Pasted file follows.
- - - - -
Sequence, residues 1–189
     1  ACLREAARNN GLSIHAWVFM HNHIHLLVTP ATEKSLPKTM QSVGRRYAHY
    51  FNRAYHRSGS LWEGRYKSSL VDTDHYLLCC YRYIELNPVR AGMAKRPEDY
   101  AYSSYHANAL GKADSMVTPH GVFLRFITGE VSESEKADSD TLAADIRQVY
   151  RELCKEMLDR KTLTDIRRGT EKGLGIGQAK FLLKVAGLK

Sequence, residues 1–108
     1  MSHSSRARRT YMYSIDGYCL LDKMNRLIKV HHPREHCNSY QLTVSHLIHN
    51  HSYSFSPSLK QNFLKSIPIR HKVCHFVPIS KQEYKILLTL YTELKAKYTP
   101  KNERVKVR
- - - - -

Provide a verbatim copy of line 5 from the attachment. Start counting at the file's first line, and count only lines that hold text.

   151  RELCKEMLDR KTLTDIRRGT EKGLGIGQAK FLLKVAGLK